While some of the other improvements are incremental, the Mark IV does bring some interesting new offerings to the table, including a zippy 15fps continuous burst mode. We're also a fan of the tiltable screen – which is capable of flipping all the way down to create the perfect selfie screen. This would be particularly useful for vloggers.
Whether you're a smartphone snapper who's curious about using a 'proper' camera, or you're looking for a do-it-all camera that's perfect for anything from family snaps to travel pics, make sure you consider the Mark IV.
Read more: Olympus OM-D E-M10 Mark IV review
If anyone thought Olympus couldn't compete on the professional stage, the OM-D E-M1 Mark III well and truly put them in their place. There are many dedicated cameras that can do various things better than the E-M1 Mark III, it's fair to say. However, there are very few that can do everything it can do. If you're a professional who shoots a lot of different types of images and finds yourself in lots of different shooting situations, it's an amazingly good choice.
Industry-leading 7.5-stop image stabilisation? Check. 60fps continuous burst shooting? You bet. 80MP high-resolution shooting? Oh yes. Let's imagine a hypothetical day of photography: you get up early and trudge up a hill to shoot a gorgeous landscape in the morning light, making use of enough megapixels to make for a gorgeous print. You then travel to a sport event to get some fast-action shots, needing both a fast burst rate and an AF system that can keep up. In the evening you finish off with some astrophotography, and do it handheld since you accidentally left your tripod on top of the hill in the morning. With the Olympus OM-D E-M1 Mark III, your day will be a resounding success as the camera will produce sublime images in all of these situations. There are very few other cameras we can say that about.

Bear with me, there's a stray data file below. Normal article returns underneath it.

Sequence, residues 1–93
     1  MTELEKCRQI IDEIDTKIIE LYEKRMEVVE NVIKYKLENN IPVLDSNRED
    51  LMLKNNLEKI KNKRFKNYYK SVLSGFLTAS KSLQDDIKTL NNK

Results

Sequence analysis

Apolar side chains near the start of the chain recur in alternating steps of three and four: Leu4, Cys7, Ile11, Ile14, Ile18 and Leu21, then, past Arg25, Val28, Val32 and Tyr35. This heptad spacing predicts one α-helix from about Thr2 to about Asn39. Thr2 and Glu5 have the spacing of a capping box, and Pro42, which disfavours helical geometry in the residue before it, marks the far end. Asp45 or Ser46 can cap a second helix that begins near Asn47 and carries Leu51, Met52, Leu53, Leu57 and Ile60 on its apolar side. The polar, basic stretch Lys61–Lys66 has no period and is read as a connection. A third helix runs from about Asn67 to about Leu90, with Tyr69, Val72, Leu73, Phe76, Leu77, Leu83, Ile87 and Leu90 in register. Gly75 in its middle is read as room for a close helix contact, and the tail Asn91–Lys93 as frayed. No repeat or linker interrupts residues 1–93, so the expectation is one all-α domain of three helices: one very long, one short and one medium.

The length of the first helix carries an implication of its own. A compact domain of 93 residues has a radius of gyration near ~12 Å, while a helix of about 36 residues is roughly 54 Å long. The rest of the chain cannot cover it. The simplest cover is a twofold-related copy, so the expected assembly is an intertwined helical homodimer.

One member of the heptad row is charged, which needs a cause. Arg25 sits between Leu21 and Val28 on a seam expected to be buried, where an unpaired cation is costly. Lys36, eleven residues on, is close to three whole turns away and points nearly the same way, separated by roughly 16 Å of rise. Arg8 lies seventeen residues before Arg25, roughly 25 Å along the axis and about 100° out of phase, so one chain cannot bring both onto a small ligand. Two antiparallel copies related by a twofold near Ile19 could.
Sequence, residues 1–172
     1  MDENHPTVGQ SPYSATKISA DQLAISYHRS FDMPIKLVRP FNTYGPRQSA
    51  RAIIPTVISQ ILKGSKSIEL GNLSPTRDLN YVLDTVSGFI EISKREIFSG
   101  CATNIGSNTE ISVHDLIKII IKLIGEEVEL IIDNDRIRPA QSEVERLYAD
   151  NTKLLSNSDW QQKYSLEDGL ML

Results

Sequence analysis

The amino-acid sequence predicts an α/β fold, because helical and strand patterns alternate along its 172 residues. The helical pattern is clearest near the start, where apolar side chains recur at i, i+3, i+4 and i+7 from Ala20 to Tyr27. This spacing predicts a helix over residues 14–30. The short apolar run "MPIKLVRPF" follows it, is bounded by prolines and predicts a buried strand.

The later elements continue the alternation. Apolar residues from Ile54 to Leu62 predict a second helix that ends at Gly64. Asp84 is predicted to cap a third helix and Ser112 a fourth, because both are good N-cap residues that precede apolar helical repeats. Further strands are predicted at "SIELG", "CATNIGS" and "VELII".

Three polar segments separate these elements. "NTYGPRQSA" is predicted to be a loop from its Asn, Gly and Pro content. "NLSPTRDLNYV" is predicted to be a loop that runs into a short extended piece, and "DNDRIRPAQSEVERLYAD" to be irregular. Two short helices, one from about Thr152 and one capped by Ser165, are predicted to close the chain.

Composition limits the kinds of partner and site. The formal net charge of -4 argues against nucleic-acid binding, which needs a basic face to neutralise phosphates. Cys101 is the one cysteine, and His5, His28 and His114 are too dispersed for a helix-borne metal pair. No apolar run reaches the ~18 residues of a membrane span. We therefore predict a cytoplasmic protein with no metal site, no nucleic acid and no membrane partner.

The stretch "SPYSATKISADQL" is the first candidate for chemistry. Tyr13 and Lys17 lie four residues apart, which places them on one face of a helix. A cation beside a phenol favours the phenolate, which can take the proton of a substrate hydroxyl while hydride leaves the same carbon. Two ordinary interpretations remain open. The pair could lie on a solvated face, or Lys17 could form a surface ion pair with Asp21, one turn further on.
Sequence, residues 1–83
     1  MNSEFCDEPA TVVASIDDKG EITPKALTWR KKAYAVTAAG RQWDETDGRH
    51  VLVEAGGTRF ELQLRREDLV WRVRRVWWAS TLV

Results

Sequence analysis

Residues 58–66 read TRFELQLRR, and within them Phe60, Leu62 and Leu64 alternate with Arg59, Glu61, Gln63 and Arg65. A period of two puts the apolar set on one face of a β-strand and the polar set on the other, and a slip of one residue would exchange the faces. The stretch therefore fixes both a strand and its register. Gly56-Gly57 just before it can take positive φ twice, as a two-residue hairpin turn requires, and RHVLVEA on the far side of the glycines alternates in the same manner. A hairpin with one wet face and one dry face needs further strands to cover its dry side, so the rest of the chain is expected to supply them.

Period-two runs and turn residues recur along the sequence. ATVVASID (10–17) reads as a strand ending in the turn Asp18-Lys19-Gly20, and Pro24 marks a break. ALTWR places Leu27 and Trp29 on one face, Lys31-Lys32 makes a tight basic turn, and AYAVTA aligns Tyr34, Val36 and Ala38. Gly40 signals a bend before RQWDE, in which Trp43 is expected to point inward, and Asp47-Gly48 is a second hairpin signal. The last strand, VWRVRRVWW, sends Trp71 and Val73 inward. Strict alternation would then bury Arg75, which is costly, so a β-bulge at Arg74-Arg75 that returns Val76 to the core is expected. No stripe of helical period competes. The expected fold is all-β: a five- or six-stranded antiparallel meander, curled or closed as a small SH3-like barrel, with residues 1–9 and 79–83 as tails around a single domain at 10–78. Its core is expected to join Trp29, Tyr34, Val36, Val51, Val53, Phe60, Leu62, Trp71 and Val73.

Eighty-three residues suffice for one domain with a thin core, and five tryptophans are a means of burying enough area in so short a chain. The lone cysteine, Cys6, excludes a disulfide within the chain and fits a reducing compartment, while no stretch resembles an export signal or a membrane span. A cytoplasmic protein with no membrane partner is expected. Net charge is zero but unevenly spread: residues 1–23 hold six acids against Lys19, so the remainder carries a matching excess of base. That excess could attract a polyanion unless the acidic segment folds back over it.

Read more: Olympus OM-D E-M1 Mark III review
Wait, this isn't the newest 'PEN' fashion camera from Olympus. Why is it here? Well, while the E-PL10 is a really good camera in its own right (as you'll see when we get to it below), the fact is that it's a disappointingly minor upgrade over the E-PL9, so much so that the older camera arguably offers better value for money. A highly capable street, vlogging and fashion camera, the E-PL9 comes with a 180-degree selfie/vlogging screen and 4K video, though on release we were a little disappointed that Olympus has stuck to its older 16.1-megapixel sensor instead of swapping to its latest 20.4MP sensor. The Olympus E-PL9 has excellent build quality despite its compact, lightweight construction; the diminutive build is ideally suited to travel photography, especially when the body is paired with the remarkably small Olympus 14-42mm EZ ‘pancake’ kit lens. Better still, this camera is a thing of beauty in its own right, as well as being able to deliver beautiful image quality. Always get this with the Olympus 14-42mm EZ 'pancake' kit lens if you can.
Read more: Hands-on Olympus PEN E-PL9 review